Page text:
For about a year now, The Database Performance Analyzer (DPA) team has been planning how we'll integrate DPA into the Orion suite.  One of the first questions was, “where will DPA content be presented in Orion?”  And we felt that since Server Application Monitor (SAM) provides the Applications tab, DPA should add a Databases tab.  But since SAM also monitors databases, we decided the Databases tab should be a home for all things database whether they come from SAM or DPA.  In this post I’ll show you the Databases Summary view.  I hope you like what you see and invite you to consider joining The Beta which is open to customers with both DPA and Orion products, like SAM, in active maintenance. 


To try it out, please fill out this short survey.

 

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In this 3 part series, I'm going to tell you about :

 

NOTICE : This is BETA, so there is no promise that what you see here will be delivered as is.

 

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DATABASES TAB IN ORION!  Based on conversations I've had with Solarwinds customers showing interest in DPA, those 4 words may be all they wanted to hear. Integrating DPA with Orion will add a "Databases" tab.  And it's not just for DPA!  We're making this a home for all of your database monitoring.  So if you also use SAM to monitor some databases, clicking the Databases tab will take you to the Databases Summary View which provides a dashboard style glance at database performance across your organization.  And if you also use AppInsight for SQL to monitor your databases, you can get to it from here too!

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Database Instances : This is one of the most prominent resources on the Databases Summary screen.  The red and yellow boxes summarize the number of critical issues and warnings detected.  They are also buttons that allow you to filter your list of database instances to reveal the instances with critical and/or warning status in either SAM or DPA.  DPA reveals KPIs on the right which indicate potential problems i.e. wait time, query advice, cpu, memory, disk and sessions.  SAM reveals it's status on the icon at the left of each row, and of course you get to see the node status like you are accustomed to in Orion.  So if you monitor a database instance with SAM and DPA, you get a health perspective and a performance perspective.  Clicking on one of the instances takes you to the Database Instance View.  We'll cover that view in my next postClicking on the KPIs from DPA on the right takes you to DPA's Database Instance View, which will be a sub-view if you are also monitoring with AppInsight for SQL.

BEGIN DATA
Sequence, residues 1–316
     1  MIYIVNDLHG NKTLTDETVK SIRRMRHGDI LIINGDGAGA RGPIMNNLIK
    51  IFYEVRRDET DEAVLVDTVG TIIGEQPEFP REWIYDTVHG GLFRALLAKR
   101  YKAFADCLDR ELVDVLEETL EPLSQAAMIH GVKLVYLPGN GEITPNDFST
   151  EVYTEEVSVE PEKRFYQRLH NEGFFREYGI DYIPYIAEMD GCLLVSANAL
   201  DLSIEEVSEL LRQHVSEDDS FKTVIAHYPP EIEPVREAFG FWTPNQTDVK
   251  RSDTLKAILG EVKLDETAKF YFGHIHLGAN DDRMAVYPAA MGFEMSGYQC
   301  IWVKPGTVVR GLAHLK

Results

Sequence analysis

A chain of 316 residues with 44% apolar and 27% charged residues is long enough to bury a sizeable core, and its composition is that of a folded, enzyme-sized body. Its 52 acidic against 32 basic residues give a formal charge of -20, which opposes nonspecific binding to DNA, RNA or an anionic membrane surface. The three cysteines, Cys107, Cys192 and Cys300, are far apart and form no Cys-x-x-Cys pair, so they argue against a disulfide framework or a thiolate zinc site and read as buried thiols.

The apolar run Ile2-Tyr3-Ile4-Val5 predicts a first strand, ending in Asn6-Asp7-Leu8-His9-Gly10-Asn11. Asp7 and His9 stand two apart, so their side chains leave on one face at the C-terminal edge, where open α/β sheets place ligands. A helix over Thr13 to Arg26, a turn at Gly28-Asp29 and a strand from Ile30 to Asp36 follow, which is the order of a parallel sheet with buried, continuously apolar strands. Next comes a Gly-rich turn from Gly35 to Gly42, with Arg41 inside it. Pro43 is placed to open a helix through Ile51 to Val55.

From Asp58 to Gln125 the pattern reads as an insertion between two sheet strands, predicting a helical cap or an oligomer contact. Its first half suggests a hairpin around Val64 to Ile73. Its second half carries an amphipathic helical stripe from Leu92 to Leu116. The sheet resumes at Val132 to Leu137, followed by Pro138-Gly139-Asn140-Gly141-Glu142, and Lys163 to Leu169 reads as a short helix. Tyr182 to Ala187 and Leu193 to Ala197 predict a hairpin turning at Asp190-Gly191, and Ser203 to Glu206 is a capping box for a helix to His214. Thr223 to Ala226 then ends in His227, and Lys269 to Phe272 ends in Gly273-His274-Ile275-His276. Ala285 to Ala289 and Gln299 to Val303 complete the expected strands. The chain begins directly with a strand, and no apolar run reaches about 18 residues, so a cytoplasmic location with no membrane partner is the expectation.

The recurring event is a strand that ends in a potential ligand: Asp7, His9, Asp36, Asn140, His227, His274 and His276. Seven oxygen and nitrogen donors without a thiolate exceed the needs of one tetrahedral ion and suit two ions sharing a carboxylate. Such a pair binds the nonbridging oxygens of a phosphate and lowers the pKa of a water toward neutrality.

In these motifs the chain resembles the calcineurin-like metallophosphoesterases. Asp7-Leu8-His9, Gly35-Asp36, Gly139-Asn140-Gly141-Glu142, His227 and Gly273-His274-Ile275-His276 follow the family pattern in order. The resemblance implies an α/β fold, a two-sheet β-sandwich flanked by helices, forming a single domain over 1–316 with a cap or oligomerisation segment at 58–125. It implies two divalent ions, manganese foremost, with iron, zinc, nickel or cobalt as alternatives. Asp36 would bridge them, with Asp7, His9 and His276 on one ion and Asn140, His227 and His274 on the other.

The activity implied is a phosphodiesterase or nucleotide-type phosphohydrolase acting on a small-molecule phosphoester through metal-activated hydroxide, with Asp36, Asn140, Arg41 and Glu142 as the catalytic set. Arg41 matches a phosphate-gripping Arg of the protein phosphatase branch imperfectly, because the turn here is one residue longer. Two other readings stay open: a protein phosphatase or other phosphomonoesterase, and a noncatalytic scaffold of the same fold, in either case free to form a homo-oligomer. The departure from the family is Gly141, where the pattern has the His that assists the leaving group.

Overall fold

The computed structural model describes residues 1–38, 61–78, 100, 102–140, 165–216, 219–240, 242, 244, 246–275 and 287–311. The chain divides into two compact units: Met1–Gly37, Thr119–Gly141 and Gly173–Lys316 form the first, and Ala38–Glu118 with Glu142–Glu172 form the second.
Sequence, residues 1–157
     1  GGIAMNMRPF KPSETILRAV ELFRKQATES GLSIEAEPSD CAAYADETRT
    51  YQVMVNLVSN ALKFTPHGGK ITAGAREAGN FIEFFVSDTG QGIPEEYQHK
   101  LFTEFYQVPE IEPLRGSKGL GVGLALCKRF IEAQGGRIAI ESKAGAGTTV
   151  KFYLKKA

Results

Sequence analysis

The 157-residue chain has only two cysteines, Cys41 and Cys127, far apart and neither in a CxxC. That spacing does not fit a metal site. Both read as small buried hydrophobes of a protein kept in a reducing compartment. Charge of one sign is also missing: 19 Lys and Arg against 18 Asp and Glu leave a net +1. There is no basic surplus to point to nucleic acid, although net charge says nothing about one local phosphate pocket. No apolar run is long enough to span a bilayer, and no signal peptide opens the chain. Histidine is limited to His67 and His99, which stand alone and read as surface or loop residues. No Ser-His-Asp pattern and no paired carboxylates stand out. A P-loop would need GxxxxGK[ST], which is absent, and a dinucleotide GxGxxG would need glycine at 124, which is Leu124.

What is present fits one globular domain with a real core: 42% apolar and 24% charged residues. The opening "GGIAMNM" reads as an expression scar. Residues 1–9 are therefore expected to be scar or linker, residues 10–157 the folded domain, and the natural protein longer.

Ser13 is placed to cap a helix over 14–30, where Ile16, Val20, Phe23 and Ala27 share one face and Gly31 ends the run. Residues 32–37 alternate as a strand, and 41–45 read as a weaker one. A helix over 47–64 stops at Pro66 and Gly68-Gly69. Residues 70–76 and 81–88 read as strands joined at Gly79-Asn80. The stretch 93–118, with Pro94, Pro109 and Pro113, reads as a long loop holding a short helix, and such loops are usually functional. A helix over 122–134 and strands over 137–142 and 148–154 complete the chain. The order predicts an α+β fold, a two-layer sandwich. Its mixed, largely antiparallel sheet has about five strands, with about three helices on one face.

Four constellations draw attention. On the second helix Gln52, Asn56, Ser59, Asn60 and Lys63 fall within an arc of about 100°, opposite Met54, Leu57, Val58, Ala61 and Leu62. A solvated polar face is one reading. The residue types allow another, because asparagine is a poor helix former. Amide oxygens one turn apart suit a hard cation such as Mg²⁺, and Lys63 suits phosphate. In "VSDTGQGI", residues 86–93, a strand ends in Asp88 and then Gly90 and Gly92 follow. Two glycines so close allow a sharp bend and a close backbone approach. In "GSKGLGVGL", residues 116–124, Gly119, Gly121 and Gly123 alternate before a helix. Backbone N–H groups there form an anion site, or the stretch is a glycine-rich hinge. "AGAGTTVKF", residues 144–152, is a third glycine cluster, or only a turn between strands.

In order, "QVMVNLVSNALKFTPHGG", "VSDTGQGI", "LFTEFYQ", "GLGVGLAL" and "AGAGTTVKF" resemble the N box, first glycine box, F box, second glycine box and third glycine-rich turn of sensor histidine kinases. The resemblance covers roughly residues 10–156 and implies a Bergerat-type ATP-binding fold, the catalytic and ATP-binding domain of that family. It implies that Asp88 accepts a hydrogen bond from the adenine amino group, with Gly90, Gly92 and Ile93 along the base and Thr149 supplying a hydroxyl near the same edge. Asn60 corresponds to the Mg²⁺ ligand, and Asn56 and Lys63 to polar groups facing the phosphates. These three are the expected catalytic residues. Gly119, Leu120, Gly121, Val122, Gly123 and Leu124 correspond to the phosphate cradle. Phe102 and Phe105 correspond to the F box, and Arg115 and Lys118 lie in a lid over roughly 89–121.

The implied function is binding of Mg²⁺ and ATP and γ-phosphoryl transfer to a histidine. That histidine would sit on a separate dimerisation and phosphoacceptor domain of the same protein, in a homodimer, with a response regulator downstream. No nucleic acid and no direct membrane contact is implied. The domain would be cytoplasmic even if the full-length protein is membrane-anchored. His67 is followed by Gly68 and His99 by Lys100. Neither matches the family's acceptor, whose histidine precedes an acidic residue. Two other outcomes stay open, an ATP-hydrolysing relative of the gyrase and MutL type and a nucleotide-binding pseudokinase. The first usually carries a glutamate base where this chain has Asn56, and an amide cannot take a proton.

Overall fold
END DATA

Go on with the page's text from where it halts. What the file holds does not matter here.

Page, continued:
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Advisors : One of the most popular features for people that are new to DPA are the Advisors. Every instance monitored by DPA receives hourly analysis that provides information about queries that DPA thinks you should look at.  So this is a place you can find ideas for improving performance that you might not have noticed.  Advisors are either critical, warning or informational. When you click on an advisor message, it will open a detailed analysis in a new window.


They will tell you things like:

  • The most significant wait type.
  • Performance throughout the day.
  • When a query used a significant share of CPU or memory resources.
  • When a query has accounted for greater execution time in one hour vs another.
  • When an index may help.
  • When a query is being serviced by multiple execution plans. 
    This can cause significant performance issues as seen in the 2nd and 3rd image of this set.
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Instances With Highest Wait Time : Something that may be new you, is the concept of database wait time analysis AKA response time analysis.  Expert DBAs have used this technique for over a decade to accurately identify why queries are slow and what can be done about it. This isn't a dissertation on wait time so I've provided links to more detail below.  For now, let's just say you can ask a database instance why queries are slow, and it will tell you! DPA continuously polls database instances, recording all of those answers so it can produce this histogram that tells you which of your database instances are causing the most end user wait time over the past 2 weeks.


Information about "Response Time Analysis" AKA "Wait Time Analysis"


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In my next post, I'll show you some cool ways you can identify performance bottlenecks at the instance level.  And keeping with tradition, I'm saving the best for the last post!  Stay tuned.

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